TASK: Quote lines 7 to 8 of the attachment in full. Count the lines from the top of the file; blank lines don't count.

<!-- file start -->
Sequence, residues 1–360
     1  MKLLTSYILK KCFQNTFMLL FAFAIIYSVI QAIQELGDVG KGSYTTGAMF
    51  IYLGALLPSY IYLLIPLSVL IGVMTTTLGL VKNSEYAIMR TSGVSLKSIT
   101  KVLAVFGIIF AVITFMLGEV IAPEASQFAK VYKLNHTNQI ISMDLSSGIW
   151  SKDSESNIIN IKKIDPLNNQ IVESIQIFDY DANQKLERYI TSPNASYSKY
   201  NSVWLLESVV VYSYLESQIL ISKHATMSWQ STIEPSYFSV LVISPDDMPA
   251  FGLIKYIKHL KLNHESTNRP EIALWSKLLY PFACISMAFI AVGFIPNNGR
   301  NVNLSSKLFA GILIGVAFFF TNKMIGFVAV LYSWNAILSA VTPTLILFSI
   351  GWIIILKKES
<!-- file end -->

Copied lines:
   251  FGLIKYIKHL KLNHESTNRP EIALWSKLLY PFACISMAFI AVGFIPNNGR
   301  NVNLSSKLFA GILIGVAFFF TNKMIGFVAV LYSWNAILSA VTPTLILFSI